Lets face it ladies (and gentlemen!) coloring Asian hair can be challenging.
The wrong color process can make our hair look brassy, make our skin look sallow, and can even damage our hair and make it turn an unflattering orange.
Most of us have had a bad experience at the hair salon at least once. And many of us have a hard time articulating what look we want to our colorists.
After talking to some of my dark-haired friends about these hair color woes (and having experienced a terrible color job myself a few years ago) I decided to contact an expert to give us insights on how we can achieve the most flattering hair color results.
I got pro-tips on coloring dark Asian hair from color expert Rex Jimieson, who is a hair colorist and color educator at the premier salon Maxine in Chicago. He has over 20 years of experience and works with a diverse client base. Rex has been featured in Allure magazine and is a former member of the L’Oreal Professionel Technical Team. Needless to say, he is the perfect person to talk with regarding anything to do with hair color!
What you need to know about Asian hair:
R: “The truth is the darker the hair the more underlying red and orange there is. If you want to maintain the integrity of the hair you will not lift it so far from those undertones that you damage it or that you create something that doesn’t go with the base. If you want to lighten the base then it will help because then you can add blonde highlights. But with a darker base you want to stay with those more natural undertones.”
Do Asians have fewer color options?
R: “Darker haired girls do have less options in terms of color. Nevertheless, [Asians] should keep in mind that [their] hair is dark but it is made up of the same fibers as everyone else’s hair. So I don’t want people to be afraid to come in and consult. They probably have more options than they think. With virgin natural hair the sky is the limit.”
Best color processes for Asian hair:
R: “Highlights, balayage and single process are best for Asian hair… If you have naturally dark hair there is a misconception that you have to bleach it and tone it to lighten it. But this is not the case. [Asians can] take advantage of the options that are healthier—lightening hair with color instead of with bleach.”
R: “Those warm tones are [best in the] right amount.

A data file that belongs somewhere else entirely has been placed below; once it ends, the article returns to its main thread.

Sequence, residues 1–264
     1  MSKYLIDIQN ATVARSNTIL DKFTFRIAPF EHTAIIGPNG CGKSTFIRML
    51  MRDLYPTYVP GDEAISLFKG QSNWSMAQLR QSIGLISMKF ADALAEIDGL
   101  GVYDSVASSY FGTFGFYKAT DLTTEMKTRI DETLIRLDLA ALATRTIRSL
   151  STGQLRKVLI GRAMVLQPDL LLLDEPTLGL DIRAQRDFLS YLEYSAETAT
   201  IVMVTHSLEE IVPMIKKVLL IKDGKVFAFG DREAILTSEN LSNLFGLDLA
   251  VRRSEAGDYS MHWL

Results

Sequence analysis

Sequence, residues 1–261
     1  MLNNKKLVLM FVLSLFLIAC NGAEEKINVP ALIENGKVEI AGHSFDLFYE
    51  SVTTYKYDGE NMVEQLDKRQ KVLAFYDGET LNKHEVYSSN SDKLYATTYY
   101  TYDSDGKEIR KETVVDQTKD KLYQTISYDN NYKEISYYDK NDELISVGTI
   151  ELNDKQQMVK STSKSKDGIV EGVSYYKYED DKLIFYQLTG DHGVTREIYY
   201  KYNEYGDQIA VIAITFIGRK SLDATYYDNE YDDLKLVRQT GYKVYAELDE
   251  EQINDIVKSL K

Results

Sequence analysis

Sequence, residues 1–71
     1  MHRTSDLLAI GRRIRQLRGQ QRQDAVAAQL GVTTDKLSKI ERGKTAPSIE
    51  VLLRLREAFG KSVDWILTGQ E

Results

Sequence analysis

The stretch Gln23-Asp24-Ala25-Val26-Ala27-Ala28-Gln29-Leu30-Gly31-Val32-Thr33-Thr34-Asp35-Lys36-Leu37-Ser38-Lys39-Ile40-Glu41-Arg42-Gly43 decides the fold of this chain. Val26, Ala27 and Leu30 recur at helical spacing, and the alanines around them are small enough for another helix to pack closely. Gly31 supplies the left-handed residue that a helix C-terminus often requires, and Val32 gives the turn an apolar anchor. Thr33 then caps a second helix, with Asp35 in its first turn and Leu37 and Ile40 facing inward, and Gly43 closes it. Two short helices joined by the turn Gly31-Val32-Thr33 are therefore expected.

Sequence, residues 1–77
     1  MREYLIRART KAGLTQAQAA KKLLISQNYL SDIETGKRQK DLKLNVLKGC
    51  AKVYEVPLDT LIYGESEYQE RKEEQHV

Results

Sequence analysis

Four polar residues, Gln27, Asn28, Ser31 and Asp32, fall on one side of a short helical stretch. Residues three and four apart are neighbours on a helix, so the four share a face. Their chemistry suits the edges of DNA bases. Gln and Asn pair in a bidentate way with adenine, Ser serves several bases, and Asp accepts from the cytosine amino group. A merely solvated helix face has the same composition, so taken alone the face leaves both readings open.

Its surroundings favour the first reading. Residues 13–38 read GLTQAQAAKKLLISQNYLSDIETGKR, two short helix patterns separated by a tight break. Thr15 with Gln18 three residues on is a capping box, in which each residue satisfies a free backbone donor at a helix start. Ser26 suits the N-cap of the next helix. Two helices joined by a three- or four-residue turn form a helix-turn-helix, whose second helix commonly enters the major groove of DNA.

Don’t be afraid of warm tones! We don’t have to look like photographs! That’s what your hair does in the sun. That is nature’s beauty—it is something that should be enhanced.
And you should know, warmth is going to be on trend for spring/summer 2015. People are getting over the ashy smoky look. They are realizing those colors look better in celebrity world versus the real world.”
R: “Texture is really important to consider. The straighter the hair the more blended I want the highlights to be. I think wavier hair can pull off more contrast because it is more separated in wavy hair. In straight hair [high contrast highlights] will look stringy.”
R: “Quantity is really important – in terms of highlights. Brassiness is not a color it’s when you have too many highlights that you get brassy.”
R: “Don’t color your hair before you go to your colorist. If you have color from before—whether its wash-out or old highlights that you covered up—make sure the colorist knows about it!”
R: “Bring pictures. It’s a really good place to start. But don’t expect to get exactly what’s in the picture…When looking at pictures, your colorist should know which hair looks have been ‘filtered’ (i.e. Photoshop and Instagram) and if it is [an] achievable [look] or if it is a piece of art.”
If you want a bolder look:
R: “Don’t be afraid! Limitations [associated with coloring Asian hair] mostly come from your color history and your desired results along with maintenance. If you are willing to do a lot of upkeep and are willing to change your base color then you can go for a more extreme look.”
R: “Use a sulfate free shampoo/conditioner which is also color-locking.
Balayage color processes don’t require much maintenance but you might want to do a glossing treatment after about eight weeks to maintain the look. Otherwise you might end up with [brassiness].
In addition, every 3 to 5 shampoos you should do an at-home mask. My recommendation is the Chronologiste mask by Kerastase. It’s so good. It does everything.”